Girl: Which one should I try?
Dad: Which one do you want to try?
Girl: The big pole.
Dad: Go on then.
Image from here
Girl: But I might fall!
Dad: Look, I'll do it first!
Girl: But I might fall. You've done it before.
Dad: I'll stand right next to it.
Girl: You won't move?
Dad: No, if you need me, I'll catch you!

Which he did the first few times.  
Through my fence, I heard her squeal of delight and the sound of her feet running up and around to try it again and again. 

Then I overheard something new; this next time she told her dad to stand back a little. He did. And she landed in a bit of a heap but un-fazed. Up she went again and again.
Her dad reminded her on how to position her body and use her feet but remained back and nearby.

"I did it! I did it!" 

I smiled and was struck by so many many thoughts:

*Isn't this the gradual release model we want for our kids in so many aspects of their lives, their schooling?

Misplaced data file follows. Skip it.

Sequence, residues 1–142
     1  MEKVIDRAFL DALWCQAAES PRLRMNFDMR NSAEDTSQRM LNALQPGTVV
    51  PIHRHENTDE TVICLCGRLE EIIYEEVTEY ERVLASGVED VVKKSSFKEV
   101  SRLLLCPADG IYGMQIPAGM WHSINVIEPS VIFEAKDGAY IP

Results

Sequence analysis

*Isn't it wonderful how he showed her first? (I think he enjoyed himself!)

*Don't we want our children to move confidently from the known into the less familiar, from the comfortably easy to the slightly more challenging?

*Isn't encouraging them to persevere part of our role? Isn't letting them know some things take practice, hard work, stick-to-it-ness? That sometimes there's bumps in life?

*Don't we want them to try new things they are truly interested in, even if they don't know how...yet? 

*Shouldn't they believe we (as parents and teachers) will catch them if they fall? Dust off their knees and help them with the next step?

*Shouldn't they know we have many ways to support them in their attempts ... pointers, information, ideas? 

*Isn't celebrating their accomplishments, especially the little ones, an amazing opportunity to show them we care?  

Dad (next to car): Oh, we said we were only going to be gone half an hour. We're a little late.
Girl: That's alright, Daddy. Mommy will understand when you tell her about the pole.

I'm sure hoping she does!

Thursday, September 12, 2013

Well Worth It

We went for a walk this morning. The whole class kept fingers crossed, carried jackets and umbrellas and braved possible showers to visit the local museum. We could have easily stayed in the class and talked about artefacts, even examined a few that are coming in for our mini-museum but that would not have come close to the experiences we shared together today.